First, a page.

8. Replace batteries with adapters and chargers. Batteries are harmful to the environment, so consider omitting or replacing any products which use batteries from your practice room, such as tuners, metronomes, and recording devices.
  9. Use natural light while practicing. As much as possible, practice near windows or other natural light sources to save electricity. If you do use lights, make sure they’re energy efficient and you remember to turn them off before leaving the room (even during quick breaks!).
  10. Carpool to rehearsals. One of the joys of being a musician is hanging out with all your cool musician friends! Talk to your fellow musicians about carpooling to rehearsals and performances. If you live in a city with public transportation options likes buses or subways, consider using these more frequently. If you live close to the venue, you could even bike there to get in an added workout.
  11. Buy a reusable water bottle. Water is essential to life – and to reeds and musicians! Avoid using single-use plastic bottles and invest in a leak-proof reusable water bottle. (Bonus points if you make the switch to coffee or tea tumblers too!)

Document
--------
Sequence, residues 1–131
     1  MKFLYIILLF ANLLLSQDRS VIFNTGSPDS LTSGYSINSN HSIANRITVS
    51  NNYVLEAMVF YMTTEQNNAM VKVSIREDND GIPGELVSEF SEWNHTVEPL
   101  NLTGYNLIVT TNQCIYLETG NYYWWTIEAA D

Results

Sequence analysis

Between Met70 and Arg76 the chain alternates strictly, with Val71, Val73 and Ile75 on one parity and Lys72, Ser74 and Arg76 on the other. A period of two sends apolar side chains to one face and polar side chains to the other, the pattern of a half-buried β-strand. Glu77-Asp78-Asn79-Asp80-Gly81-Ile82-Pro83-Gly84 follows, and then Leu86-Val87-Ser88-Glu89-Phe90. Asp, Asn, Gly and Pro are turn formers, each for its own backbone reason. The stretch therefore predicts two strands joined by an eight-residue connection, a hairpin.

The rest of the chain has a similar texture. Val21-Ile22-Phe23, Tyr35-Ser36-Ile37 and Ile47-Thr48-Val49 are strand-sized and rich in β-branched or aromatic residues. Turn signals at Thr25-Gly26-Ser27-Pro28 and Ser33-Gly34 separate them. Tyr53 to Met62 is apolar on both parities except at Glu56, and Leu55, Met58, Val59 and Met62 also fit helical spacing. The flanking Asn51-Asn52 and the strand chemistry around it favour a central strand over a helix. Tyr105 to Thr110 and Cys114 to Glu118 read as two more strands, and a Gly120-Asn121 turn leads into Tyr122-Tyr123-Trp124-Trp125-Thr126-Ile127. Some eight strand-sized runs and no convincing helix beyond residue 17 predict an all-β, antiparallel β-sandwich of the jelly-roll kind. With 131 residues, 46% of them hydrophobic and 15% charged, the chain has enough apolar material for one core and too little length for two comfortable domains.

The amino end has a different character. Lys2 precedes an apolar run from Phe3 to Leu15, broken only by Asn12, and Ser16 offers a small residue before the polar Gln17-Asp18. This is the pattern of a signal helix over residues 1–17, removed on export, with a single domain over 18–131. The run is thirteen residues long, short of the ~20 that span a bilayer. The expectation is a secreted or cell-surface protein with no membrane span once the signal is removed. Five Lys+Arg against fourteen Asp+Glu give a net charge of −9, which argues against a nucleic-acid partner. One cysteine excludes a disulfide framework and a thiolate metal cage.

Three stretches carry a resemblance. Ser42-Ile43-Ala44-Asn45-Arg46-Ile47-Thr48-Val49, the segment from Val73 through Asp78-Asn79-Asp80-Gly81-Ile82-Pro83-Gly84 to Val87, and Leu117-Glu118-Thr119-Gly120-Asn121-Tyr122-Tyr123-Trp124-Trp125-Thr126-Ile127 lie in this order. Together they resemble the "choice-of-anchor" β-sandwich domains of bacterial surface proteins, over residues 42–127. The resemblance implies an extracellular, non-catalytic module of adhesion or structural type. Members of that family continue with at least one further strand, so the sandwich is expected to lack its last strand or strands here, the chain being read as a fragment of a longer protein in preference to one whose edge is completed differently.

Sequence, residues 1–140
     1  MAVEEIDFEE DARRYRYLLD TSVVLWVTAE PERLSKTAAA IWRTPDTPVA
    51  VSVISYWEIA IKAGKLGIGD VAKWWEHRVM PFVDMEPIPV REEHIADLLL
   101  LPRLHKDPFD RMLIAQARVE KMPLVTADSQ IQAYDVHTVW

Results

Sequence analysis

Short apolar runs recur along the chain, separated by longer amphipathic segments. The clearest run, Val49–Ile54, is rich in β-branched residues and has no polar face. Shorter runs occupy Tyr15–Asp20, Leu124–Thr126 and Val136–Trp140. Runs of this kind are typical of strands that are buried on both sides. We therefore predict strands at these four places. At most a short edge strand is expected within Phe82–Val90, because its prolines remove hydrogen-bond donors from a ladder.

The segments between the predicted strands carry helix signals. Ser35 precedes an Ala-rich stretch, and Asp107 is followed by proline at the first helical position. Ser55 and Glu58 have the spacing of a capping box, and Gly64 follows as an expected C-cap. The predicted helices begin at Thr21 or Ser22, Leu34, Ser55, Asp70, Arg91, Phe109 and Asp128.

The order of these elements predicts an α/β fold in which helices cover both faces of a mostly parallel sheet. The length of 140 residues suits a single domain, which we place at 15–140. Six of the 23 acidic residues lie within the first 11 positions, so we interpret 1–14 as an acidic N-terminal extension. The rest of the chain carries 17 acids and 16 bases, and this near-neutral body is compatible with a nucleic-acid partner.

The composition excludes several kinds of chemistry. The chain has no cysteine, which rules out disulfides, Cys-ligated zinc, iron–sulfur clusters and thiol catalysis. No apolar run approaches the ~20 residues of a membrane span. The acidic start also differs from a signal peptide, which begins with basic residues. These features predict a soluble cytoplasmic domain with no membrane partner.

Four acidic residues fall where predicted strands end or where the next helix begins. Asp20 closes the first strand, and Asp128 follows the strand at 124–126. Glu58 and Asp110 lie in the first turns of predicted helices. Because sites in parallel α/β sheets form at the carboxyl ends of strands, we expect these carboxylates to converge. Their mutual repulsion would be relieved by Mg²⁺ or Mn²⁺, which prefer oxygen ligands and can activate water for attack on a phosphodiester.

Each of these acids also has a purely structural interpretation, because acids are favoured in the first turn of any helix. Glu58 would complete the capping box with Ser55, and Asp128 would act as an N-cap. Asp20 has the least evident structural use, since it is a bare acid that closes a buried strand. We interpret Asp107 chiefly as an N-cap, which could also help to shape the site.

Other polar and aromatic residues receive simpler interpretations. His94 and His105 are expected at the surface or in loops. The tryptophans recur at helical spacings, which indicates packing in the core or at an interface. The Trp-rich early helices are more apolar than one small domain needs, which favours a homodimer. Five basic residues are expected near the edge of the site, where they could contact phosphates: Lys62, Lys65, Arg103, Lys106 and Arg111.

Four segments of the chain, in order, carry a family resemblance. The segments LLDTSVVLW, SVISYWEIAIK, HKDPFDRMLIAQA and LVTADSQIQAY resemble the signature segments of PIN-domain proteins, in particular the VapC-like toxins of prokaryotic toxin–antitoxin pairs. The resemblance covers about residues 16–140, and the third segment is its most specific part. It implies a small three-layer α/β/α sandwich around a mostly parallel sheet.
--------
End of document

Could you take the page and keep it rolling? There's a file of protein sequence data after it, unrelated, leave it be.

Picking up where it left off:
12. Reevaluate your performance wardrobe. Fast fashion may be trendy, but it’s not so good for the environment. When it’s time to buy some new concert clothes, consider purchasing from sustainable and ethical retailers.
  13. Buy (or sell) digital tickets. If you’re attending or hosting a concert, go paperless by offering digital tickets.

Together, we can continue to make a difference – both in music and the environment! What other suggestions do you practice to lead a more eco-friendly lifestyle as a musician?


  • Dan

    >Copying music hurts the music publishing industry and is usually a breach of copyright law anyway
    Music publishing industry has hurt itself beyond repair anyway, why bother? ;)
    Selling public domain pieces at a price that can buy you a week’s supply of hard drugs on the black market is not even ethically questionable. Print on demand costs the same whether it’s a Twilight fanfic or a symphony, there’s no justification.
    Selling still copyrighted music at even higher prices, but how much of it goes into supporting young composers,?

    What we need is a coordinated community effort towards actually digitizing classical music: not scanning, but typesetting in an open, machine-readable format that can be automatically transposed for different instruments so that no one has to buy dead tree copies of it to begin with.

    Right now I’m liberating Kapralova’s Military Sinfonietta that is now public domain but no digital versions exist, so I had to buy it from the Czech Radio Archive and they don’t even sell parts, just the conductor’s score.